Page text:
Negotiating the collateral management paradigm shift under Dodd Frank & EMIR
Phase 1 of Dodd Frank commenced in March this year, requiring swap dealers and major swap participants to clear their OTC derivative contracts (i.e. liquid IRS and CDS) through central counterparties (CCPs). With Phase 2 commencing in June, buy-side firms in the US are now fully engaged in getting operationally ready.
The shift towards OTC clearing is a huge collective undertaking for clearing houses, clearing firms and buy-side clients. The use of a CCP is a mutualised risk model that shifts the market away from what were exclusively bilateral arrangements – under Master Agreement and Credit Support Annex (CSA) - to one where both the FCM (as a clearing house member) and the client will be required to post margin into the CCP. It is a radical departure. Many are still coming to terms with the concept that all derivative contracts like IRS and CDS (and not only interdealer ones) will now have to be cleared with initial margins and variation margins based on the mark-to-market’s daily fluctuations, just like exchange-traded derivatives.
One of the biggest concerns that hedge fund managers have relates to collateral management. Every day, all CCPs will demand (or return) “eligible” collateral, mainly cash and highly rated government bonds, thus generating more transfers, in both the number and value of movements, compared to the bilateral ISDA CSAs.
What this means, in a nutshell, is that the sheer volume of collateral that managers will need to monitor going forward is about to grow exponentially. Collateral management will become a spider web of complexity. Keeping track of margining requirements through the lifecycle of every derivative portfolio will be a daunting task.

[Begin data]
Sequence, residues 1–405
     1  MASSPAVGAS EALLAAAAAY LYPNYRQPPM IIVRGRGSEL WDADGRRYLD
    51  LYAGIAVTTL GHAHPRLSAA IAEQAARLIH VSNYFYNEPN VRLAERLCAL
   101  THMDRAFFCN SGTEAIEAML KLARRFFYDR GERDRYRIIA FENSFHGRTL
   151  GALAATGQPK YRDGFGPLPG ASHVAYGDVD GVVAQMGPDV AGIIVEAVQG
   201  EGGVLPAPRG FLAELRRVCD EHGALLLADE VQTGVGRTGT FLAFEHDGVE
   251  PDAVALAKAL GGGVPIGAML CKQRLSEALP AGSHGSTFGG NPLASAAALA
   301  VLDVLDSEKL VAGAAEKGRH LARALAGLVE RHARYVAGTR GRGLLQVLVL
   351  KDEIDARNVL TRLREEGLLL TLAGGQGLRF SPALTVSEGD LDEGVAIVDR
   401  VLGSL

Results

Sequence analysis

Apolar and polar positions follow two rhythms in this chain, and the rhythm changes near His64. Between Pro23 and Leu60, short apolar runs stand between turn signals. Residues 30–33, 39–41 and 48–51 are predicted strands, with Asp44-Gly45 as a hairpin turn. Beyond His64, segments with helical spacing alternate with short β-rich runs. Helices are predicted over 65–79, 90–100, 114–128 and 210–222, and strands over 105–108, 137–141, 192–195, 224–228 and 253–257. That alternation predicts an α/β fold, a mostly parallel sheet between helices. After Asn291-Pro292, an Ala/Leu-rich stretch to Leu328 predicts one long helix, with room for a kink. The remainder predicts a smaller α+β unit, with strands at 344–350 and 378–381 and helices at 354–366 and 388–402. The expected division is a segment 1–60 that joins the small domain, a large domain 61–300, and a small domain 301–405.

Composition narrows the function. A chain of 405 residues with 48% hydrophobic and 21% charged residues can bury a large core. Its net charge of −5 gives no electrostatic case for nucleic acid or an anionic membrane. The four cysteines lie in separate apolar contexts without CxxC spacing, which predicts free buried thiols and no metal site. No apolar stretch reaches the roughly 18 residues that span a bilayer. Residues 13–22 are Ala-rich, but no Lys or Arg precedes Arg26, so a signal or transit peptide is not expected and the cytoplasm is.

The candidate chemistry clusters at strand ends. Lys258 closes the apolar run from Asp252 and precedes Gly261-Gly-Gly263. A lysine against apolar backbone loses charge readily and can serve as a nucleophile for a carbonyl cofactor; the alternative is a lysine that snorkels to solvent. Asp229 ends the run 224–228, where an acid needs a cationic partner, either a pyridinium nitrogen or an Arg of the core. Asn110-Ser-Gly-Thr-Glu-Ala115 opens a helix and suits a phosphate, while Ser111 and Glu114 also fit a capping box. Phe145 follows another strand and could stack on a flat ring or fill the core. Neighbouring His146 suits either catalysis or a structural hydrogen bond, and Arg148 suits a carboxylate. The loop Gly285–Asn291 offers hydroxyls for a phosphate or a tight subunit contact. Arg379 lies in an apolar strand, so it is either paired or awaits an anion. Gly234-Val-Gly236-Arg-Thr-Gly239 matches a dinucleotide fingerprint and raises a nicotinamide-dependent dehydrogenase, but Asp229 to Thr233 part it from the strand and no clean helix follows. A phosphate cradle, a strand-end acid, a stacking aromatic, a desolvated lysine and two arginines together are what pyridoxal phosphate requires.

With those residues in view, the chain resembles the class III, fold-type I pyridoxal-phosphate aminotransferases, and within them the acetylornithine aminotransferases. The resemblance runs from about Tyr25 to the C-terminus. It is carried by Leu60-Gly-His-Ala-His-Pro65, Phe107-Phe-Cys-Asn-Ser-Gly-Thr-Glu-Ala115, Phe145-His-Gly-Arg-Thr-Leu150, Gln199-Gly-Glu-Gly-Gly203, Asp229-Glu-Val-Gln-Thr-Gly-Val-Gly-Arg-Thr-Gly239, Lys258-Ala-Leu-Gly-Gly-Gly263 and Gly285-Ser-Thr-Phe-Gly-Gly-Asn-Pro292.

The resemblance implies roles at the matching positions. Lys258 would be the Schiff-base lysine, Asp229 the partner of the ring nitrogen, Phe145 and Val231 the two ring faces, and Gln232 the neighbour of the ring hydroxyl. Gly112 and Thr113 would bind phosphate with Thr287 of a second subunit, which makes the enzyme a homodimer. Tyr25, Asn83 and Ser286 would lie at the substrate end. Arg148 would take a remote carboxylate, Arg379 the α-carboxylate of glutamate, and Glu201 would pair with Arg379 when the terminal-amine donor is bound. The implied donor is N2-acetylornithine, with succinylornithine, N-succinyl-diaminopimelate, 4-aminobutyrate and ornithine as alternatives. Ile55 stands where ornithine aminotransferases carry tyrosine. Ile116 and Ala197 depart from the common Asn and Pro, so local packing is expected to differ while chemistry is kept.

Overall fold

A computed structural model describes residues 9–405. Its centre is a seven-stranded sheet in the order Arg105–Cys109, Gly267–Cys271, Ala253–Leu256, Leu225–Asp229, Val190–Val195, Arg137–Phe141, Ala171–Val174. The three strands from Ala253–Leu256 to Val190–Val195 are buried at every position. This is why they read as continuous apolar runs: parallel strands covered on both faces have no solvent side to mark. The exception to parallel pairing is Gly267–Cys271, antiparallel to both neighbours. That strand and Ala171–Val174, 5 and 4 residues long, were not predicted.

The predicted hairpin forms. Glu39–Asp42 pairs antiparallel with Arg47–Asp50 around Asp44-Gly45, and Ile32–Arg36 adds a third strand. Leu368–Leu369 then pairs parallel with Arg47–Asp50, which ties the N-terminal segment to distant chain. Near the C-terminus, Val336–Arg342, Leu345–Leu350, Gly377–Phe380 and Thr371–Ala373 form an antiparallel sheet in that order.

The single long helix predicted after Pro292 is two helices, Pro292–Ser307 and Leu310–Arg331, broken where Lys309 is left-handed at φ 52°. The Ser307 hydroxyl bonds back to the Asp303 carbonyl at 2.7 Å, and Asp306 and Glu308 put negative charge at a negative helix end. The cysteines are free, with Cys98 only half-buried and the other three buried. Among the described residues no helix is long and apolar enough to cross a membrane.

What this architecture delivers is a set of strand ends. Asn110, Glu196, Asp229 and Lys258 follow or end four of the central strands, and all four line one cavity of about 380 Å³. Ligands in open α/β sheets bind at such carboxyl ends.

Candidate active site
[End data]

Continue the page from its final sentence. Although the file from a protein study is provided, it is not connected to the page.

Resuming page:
Even though in Europe, the mandate to clear OTC derivatives under EMIR is not expected to be implemented until 2014, BNP Paribas Securities Services has already noticed a sharp spike in collateral volumes.
“Some of our clients are having to clear their derivative contracts already, due to the fact that they trade with US counterparties and fall under Dodd Frank regulation. As they face these initial margining requirements, we are seeing an increase in the amount of collateral needed by their clearing brokers,” confirms David Beatrix (pictured), senior business developer for OTC derivatives at BNP Paribas Securities Services.
As a global custodian to hedge fund and other asset managers, BNP Paribas Securities Services plays a vital role. This entails providing the right solutions for managers’ collateral management needs, in terms of accessing, protecting, managing and ultimately using their assets to meet collateral demands under new market regulation.
Collateral Access is just that solution set. It spans collateral management, sourcing, optimisation and protection.
Beatrix notes that one of the drawbacks of the OTC regulation is that it will generate complexity and fragmentation of processes between cleared derivatives, under potentially multiple clearing agreements, and non-clearable ones remaining under the scope of bilateral agreements with each counterparty.
Moreover the bilateral CSA allows managers to net their full exposure to a given counterparty in a single currency, with thresholds and minimum transfer amounts.